Wahl has gained tremendous respect from her peers who practice collaborative law. “Sara’s passion for guiding parents through the treachery of separation/divorce with skill, insight, child-centered guidance only rivals her legal expertise — counseling parents, giving them confidence that the decisions they’re making for and with one another are sound,” reported Karen Bonnell, a respected collaborative divorce coach in the Puget Sound region. “Sara’s client management is compassionate and firm. Her sense of humor and storytelling artfully shift tension into a hearty laugh, a deep breath. Anyone who finds their way into Sara’s office is lucky and in very good hands.”
Janel Ostrem, herself a well known collaborative law attorney in King County, observed that Wahl “has a high standard of integrity in the work that she does for clients. She has all the qualities that you would want in a lawyer: she’s genuine, kind, and responsive; a problem solver and a straight-talker. I know that when I have a case with her, it’s going to go smoothly — or if it doesn’t, it won’t be because of the influence of the attorneys.”
Wahl also gives back a lot to the profession and the broader community. She was a member of the Washington State Bar Association’s Lawyer’s Assistance Program Committee for six years. Wahl is also a volunteer attorney at the King County Bar Association’s Greenwood Family Law Clinic, a volunteer family law facilitator at King County Superior Court, membership chair of King County Collaborative Law, and a board member of Collaborative Professionals of Washington. She has received the Pro Bono Service Commendation from WSBA for providing pro bono legal services to low income clients.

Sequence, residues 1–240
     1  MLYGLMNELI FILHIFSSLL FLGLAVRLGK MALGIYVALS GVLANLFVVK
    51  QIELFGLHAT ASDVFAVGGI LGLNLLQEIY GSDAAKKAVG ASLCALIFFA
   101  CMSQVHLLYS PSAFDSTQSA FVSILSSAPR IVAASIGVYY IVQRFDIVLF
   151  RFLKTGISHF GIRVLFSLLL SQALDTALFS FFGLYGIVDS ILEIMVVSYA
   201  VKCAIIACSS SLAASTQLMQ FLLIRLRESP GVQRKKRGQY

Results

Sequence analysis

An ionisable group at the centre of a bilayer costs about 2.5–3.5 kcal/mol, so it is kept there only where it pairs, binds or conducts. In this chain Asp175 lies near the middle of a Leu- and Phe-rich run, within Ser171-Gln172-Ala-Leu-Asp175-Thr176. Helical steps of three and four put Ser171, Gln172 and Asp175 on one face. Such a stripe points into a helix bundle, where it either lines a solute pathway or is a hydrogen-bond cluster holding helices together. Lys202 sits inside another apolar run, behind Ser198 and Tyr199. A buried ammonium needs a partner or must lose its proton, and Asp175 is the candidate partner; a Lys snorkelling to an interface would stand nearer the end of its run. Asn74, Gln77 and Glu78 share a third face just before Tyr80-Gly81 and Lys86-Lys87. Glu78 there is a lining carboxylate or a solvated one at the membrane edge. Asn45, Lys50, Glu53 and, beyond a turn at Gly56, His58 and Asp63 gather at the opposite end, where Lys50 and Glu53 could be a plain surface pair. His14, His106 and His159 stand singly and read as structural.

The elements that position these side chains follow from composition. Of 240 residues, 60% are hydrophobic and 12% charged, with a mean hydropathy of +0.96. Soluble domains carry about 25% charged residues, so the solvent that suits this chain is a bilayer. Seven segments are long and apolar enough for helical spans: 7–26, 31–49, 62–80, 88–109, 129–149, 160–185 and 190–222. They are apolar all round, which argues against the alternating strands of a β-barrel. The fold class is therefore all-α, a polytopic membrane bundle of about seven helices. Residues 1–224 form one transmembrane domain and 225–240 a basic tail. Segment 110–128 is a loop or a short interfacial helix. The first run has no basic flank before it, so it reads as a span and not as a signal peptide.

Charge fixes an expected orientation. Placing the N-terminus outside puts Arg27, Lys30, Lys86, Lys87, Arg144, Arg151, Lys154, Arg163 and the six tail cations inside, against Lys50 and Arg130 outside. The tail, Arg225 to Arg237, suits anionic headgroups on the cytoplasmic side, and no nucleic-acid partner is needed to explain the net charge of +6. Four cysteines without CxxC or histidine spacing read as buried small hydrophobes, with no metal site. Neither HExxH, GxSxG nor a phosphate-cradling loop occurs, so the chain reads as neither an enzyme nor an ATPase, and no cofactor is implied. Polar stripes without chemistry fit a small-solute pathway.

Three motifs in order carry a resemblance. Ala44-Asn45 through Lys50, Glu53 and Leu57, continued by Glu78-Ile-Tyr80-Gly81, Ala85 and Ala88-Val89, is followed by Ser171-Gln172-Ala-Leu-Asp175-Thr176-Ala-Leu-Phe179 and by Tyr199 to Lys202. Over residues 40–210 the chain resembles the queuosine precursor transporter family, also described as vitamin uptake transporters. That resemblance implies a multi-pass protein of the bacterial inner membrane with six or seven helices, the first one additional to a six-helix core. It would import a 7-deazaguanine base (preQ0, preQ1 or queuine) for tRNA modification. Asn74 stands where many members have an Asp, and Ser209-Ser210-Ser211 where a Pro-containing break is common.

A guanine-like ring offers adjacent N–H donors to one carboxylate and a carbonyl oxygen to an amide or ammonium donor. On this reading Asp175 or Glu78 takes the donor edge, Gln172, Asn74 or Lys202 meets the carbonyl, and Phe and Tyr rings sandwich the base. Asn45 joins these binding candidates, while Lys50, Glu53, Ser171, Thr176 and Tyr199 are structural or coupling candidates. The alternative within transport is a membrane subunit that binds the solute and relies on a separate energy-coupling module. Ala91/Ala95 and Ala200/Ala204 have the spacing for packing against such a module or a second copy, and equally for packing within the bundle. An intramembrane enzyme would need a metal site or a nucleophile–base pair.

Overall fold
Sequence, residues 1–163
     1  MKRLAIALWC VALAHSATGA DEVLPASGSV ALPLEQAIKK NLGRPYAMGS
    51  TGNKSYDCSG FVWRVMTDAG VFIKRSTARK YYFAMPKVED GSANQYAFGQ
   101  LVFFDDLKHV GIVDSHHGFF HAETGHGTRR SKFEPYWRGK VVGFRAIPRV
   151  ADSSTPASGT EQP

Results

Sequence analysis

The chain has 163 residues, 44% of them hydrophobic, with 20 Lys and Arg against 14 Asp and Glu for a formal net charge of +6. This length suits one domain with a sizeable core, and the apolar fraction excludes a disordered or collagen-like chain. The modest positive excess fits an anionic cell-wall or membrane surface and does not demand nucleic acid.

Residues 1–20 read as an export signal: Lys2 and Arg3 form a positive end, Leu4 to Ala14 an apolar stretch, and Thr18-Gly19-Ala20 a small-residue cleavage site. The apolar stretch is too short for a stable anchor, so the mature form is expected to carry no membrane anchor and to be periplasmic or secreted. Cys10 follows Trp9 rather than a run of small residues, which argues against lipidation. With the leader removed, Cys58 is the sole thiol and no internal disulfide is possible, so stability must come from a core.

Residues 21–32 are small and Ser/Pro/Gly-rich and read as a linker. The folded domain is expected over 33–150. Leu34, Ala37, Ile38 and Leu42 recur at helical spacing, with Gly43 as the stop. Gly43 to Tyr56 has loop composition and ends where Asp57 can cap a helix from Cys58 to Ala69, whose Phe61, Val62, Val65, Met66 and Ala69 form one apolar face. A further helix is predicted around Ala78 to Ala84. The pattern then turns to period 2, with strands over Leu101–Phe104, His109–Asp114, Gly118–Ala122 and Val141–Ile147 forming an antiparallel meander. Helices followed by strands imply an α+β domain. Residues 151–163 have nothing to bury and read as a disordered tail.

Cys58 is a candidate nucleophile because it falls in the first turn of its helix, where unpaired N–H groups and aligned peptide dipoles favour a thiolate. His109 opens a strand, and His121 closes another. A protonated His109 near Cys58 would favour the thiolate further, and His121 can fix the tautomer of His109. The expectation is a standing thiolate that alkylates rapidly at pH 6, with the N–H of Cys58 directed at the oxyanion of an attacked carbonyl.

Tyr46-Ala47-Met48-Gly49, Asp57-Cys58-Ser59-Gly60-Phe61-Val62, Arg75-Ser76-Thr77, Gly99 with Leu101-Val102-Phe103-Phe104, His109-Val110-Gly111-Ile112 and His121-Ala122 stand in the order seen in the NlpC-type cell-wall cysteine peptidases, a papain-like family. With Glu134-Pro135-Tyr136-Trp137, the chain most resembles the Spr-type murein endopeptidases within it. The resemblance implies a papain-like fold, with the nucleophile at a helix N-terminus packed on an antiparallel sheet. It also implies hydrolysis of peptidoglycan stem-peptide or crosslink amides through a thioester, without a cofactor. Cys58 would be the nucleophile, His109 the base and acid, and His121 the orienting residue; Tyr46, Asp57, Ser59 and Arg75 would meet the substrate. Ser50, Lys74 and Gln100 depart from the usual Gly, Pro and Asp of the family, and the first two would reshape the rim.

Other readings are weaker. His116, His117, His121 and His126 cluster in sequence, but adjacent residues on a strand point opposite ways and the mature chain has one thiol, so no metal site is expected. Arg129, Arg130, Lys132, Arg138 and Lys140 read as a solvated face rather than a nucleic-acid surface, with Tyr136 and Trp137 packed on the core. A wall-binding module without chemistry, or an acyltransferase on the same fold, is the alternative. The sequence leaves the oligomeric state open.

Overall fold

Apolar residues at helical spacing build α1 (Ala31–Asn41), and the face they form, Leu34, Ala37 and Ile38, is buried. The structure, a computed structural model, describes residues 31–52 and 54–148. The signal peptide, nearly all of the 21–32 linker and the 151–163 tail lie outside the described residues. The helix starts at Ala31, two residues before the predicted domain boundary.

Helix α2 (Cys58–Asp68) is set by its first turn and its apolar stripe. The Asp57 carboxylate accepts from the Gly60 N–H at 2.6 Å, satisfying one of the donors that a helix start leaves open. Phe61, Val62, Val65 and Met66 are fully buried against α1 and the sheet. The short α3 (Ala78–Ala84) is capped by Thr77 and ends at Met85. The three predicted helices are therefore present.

When Wahl is not helping human families in crisis, she is a fierce champion of canine families. She has been active in dog rescue groups, and her current four-legged family include Jenny and Walter.
“She’s also a total sucker for a sick dog,” reported Ostrem. “Sara routinely takes in dogs that are old or sick, the ones that no one else wants to adopt.”
While she may not pull that old serial killer boardgame out of the closet very much these days, Wahl has developed many other game pieces in her life of service to others. And the King County legal profession is the ultimate winner by calling this exceptional attorney one of its own.
Andrew Prazuch is KCBA’s executive director. He can be reached by email (firstname.lastname@example.org) or phone (206-267-7061).